Drs. Ross Baker, Peter Norton and colleagues found that 7.5% of patients experienced an adverse event and of that number 37% were judged to have been preventable. The authors point out that although most of the patients who experienced an adverse event recovered without permanent disability (64%), 21% of AEs resulted in death and of this number 9% of the events were judged to have been preventable. The authors state that an extrapolation of these figures based on 2.5 million total hospital admissions in 2000 suggests that between 9250 and 23 750 deaths from AEs could have been prevented.
The study's findings indicate Canada's AE rate of 7.5% is lower than the rates reported in several other large studies in New Zealand and Australia, but potentially higher than rates found in two US studies.
The authors suggest gains in improving patient safety can come from encouraging reporting of AEs, continued monitoring of the incidence of these events, the application of new technologies and improving communication and coordination among caregivers.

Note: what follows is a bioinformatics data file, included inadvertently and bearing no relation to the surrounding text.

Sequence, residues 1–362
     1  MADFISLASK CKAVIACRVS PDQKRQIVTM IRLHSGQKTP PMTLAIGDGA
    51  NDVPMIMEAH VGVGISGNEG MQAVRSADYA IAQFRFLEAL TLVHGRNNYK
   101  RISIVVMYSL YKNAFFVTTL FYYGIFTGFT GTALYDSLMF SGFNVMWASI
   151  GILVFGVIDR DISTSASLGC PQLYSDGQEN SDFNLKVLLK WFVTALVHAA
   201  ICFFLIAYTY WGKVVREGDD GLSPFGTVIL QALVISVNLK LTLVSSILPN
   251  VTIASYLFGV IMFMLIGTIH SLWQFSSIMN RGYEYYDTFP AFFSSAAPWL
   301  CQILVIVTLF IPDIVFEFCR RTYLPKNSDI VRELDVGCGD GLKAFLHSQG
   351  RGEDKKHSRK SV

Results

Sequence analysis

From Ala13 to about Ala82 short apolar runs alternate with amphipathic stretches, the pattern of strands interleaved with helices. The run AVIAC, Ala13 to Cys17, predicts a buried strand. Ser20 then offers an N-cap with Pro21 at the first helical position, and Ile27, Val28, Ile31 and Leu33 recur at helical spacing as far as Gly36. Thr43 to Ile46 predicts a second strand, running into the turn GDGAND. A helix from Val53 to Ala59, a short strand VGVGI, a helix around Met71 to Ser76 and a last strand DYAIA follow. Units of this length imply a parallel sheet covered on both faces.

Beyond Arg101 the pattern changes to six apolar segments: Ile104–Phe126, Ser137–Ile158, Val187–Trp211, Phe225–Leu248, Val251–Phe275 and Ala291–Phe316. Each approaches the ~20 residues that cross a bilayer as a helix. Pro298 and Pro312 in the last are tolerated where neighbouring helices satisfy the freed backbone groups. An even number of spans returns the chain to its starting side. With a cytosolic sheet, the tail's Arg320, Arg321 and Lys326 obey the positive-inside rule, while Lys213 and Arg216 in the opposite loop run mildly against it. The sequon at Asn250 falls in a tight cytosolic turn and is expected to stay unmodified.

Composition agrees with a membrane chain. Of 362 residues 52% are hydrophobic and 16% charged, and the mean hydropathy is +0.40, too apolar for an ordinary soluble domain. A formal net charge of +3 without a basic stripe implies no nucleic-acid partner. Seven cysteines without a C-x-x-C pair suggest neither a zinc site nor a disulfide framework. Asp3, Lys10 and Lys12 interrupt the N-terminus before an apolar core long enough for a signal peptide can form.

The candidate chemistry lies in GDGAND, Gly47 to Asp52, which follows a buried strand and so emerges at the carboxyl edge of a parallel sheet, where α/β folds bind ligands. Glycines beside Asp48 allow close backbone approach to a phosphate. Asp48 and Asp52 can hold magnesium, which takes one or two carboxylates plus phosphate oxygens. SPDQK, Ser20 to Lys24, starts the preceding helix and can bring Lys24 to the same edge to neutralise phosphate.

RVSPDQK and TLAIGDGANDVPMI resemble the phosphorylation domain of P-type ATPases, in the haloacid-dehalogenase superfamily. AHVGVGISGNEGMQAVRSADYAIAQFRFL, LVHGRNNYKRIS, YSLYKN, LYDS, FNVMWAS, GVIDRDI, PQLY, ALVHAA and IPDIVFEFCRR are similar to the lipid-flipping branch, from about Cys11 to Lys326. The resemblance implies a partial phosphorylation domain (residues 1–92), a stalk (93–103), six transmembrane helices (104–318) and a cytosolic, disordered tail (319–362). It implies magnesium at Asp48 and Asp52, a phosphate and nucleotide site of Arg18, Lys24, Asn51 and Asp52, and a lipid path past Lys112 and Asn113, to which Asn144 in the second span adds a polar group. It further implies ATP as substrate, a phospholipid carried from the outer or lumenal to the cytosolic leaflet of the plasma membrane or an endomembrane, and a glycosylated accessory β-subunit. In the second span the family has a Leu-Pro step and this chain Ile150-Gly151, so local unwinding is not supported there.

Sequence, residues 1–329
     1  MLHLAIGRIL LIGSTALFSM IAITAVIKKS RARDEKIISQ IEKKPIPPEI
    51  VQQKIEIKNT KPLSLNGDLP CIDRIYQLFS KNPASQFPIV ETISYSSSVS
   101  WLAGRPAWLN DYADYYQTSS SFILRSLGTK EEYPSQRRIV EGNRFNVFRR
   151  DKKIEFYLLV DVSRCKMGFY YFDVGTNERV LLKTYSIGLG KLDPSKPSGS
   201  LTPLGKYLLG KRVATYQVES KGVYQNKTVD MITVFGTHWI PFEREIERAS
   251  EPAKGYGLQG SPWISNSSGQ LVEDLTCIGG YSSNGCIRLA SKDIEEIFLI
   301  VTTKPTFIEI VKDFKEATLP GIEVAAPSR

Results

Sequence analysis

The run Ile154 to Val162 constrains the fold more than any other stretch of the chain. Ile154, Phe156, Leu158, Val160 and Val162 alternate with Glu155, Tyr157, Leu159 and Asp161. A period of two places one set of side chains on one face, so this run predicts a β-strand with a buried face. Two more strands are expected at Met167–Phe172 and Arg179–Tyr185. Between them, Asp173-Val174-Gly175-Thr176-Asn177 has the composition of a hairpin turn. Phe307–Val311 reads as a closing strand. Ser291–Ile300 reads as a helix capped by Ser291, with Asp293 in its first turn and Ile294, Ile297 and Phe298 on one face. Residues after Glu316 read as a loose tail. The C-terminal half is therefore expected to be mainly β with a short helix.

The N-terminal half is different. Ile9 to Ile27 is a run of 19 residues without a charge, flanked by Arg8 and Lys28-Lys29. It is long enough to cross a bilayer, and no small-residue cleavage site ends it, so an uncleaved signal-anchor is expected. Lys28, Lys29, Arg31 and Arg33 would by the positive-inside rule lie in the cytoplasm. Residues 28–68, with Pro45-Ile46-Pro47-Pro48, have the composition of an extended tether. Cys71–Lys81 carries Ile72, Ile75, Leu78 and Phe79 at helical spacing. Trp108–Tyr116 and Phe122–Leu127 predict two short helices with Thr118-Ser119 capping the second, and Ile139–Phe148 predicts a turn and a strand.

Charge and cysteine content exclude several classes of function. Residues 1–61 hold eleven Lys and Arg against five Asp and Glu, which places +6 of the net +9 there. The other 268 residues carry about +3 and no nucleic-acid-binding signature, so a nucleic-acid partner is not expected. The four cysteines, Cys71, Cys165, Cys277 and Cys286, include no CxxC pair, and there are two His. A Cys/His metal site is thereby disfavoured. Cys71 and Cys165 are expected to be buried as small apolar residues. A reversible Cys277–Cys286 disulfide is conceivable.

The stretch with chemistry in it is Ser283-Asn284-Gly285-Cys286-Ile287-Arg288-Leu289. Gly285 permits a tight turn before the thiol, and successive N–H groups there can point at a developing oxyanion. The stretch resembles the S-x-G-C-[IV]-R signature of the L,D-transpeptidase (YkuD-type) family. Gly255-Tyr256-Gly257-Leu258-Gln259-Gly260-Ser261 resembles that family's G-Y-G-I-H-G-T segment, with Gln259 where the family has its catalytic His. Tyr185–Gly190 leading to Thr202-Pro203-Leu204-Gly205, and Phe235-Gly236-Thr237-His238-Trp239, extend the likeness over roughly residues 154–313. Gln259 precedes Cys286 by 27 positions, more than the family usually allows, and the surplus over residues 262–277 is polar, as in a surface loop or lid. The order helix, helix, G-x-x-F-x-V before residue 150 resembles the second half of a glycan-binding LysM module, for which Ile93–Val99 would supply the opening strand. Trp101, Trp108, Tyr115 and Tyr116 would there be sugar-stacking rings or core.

Dr. Peter Davis, coauthor of a similar study of New Zealand hospitals, says in a related commentary that some of the blame for adverse events should lie with "the paradigm of modern medicine itself." He suggests that, patients are moved to higher levels of intervention within a hospital-oriented referral system, perhaps to their own detriment. Davis recommends re-examination of this practice, particularly for older patients who suffer the greatest proportion of adverse events.
p. 1678 The Canadian Adverse Events Study: the incidence of adverse events among hospital patients in Canada
-- G.R. Baker et al
p. 1688 Health care as a risk factor
-- P. Davis